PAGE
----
Alcoa will become Arconic and spin out a "new" Alcoa later this year. Image source: Alcoa.
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Alcoa Inc(NYSE: AA) is moving forward with plans to split the company up before the end of the year.
And in a lot of ways, the guiding reasons behind the plans make sense: Today's Alcoa is largely already two very different businesses.According to recent SEC filings, as well as a series of presentations given by company management earlier this summer, the planned separation will result in the legacy commodities business segments being spun off -- though they'll retain the Alcoa name and stock symbol -- while the remaining highly engineered products and services business will be renamed Arconic, trade under a new ticker, and retain close to 20% ownership of the spun-out Alcoa business.
But what does this mean for investors? Is this an opportunity to invest in the business before it splits? Let's take a closer look.
The rationale behind the split
Management says Alcoa is largely already two different businesses:
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- Bauxite, alumina, and aluminum production.
- Value-add highly engineered products and services.
The mining and production business is a typical commodity-driven enterprise, where it's all about being a low-cost producer, and riding out the up- and down-turns of industrial demand and macroeconomic cycles. The value-add business, on the other hand, isn't sensitive to commodity pricing in the same way as the raw or basic materials Alcoa produces, and has different macroeconomic sensitivities. The value this business brings to its customers is in product design and engineering for high-demand and high-performance applications such as in the automotive and aerospace industries.
This can create competing interests within one company for limited resources, potentially limiting the company's ability to best leverage its assets as a whole. Furthermore, management thinks that two separate companies will be better able to operate within the most effective capital structure for its needs, as well as having a more clear investment thesis, versus the currently integrated company.
So by separating, the resulting businesses should be able to more efficiently allocate capital, and structure operations based on the unique markets they operate in, and the growth opportunities in front of them.
Nuts and bolts of the spinoff
Once the split is complete, shareholders of record will own two different companies: Arconic, which will trade under the symbol ARNC, and Alcoa, which will trade under AA. However, it's important to understand that Arconic will actually be the parent company, while Alcoa will be the new, spun-off business. According to the SEC filing, shareholders will receive 80.1% of the spun-out Alcoa business, while Arconic will retain "no more than 19.9%" of Alcoa.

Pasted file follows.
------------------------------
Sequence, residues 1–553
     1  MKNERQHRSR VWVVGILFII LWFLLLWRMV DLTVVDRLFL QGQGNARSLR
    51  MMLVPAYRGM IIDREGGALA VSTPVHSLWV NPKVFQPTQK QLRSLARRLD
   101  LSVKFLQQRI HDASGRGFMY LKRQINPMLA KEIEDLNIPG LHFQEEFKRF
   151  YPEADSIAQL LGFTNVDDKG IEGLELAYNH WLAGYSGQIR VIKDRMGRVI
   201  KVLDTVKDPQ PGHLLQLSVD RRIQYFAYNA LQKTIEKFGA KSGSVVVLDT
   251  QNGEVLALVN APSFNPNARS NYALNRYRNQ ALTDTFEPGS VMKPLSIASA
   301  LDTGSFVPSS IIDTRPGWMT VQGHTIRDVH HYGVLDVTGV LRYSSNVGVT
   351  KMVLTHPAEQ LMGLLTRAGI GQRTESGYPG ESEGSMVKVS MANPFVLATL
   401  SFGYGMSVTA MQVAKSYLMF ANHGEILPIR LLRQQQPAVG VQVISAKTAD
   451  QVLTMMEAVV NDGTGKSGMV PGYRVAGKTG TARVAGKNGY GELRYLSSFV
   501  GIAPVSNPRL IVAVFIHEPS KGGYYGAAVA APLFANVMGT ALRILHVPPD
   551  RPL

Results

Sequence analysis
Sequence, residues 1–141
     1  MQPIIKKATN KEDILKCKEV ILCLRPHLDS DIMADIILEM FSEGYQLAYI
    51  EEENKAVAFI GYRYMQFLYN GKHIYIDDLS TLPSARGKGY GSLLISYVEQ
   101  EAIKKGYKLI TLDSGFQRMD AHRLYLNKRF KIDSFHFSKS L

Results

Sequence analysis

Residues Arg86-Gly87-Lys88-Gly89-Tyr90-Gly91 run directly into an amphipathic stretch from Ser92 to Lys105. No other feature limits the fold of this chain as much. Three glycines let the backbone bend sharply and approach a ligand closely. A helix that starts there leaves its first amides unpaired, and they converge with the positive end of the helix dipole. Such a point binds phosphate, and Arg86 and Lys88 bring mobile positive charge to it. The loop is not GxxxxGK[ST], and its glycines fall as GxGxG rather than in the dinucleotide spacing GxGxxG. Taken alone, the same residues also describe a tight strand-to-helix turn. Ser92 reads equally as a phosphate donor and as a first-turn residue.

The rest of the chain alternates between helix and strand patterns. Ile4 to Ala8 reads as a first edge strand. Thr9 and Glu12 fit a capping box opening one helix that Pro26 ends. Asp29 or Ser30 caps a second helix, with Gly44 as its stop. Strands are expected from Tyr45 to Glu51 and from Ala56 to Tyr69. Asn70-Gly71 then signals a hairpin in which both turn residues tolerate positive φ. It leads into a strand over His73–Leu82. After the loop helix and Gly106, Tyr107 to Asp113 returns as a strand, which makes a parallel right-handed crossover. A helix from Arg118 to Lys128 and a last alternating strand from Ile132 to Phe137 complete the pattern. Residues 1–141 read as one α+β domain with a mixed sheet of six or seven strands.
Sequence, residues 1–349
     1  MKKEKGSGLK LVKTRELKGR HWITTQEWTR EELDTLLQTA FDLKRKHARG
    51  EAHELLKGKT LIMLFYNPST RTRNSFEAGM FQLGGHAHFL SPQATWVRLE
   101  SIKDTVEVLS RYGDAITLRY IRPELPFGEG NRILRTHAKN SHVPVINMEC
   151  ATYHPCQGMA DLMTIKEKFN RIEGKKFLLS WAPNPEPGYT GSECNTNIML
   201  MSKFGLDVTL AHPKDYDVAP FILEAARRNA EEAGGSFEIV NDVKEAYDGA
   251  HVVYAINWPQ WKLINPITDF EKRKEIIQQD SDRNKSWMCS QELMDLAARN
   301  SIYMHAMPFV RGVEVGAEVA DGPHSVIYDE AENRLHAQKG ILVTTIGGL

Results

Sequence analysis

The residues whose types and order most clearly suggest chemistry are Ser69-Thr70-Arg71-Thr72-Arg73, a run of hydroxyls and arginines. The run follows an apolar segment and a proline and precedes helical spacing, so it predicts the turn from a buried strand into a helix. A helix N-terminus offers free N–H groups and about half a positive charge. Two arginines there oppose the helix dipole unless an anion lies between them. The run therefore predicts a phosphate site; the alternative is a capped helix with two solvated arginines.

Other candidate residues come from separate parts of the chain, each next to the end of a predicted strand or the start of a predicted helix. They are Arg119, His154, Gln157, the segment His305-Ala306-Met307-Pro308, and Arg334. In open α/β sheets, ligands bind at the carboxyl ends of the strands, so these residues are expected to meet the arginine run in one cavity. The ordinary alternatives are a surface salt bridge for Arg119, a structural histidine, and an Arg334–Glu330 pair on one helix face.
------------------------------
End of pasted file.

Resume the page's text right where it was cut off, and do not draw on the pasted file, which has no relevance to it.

The distribution of shares in the "new" Alcoa is expected to be tax-free, but it's important to understand how it affects your tax basis. The SEC filing says the tax basis for your Alcoa (pre-split) investment will be allocated between the two separate stocks on the date of the distribution. This is important for investors who plan to sell either company post-split: make sure you understand the tax implications from any sale, based on your situation.
It's also noteworthy how debt will be handled. Arconic will retain all existing debt, though Alcoa will raise $1 billion in debt and give the proceeds to Arconic, which will in turn use those proceeds to reduce debt. Alcoa will also obtain up to $1.5 billion in secured debt that it will be able to use for liquidity financing.
Opportunity or not? Think longer-term
By and large, the answer depends on how the market chooses to value the separate businesses post-separation. There's certainly the potential that separating Alcoa and Arconic will untap more value. But trying to turn that potential value into short-term gains between now and the separation of the companies is far from guaranteed to work out.
The rationale behind the split makes sense, at least on paper. But it's really going to boil down to execution, and that will take time -- likely at least a year or two -- before it's apparent or not. So before you invest in Alcoa today based on profiting from higher share prices post-split, it's probably a good idea to be prepared to ride out your investment for the long-term.
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Jason Hall has no position in any stocks mentioned. The Motley Fool has no position in any of the stocks mentioned. Try any of our Foolish newsletter services free for 30 days. We Fools may not all hold the same opinions, but we all believe that considering a diverse range of insights makes us better investors. The Motley Fool has a disclosure policy.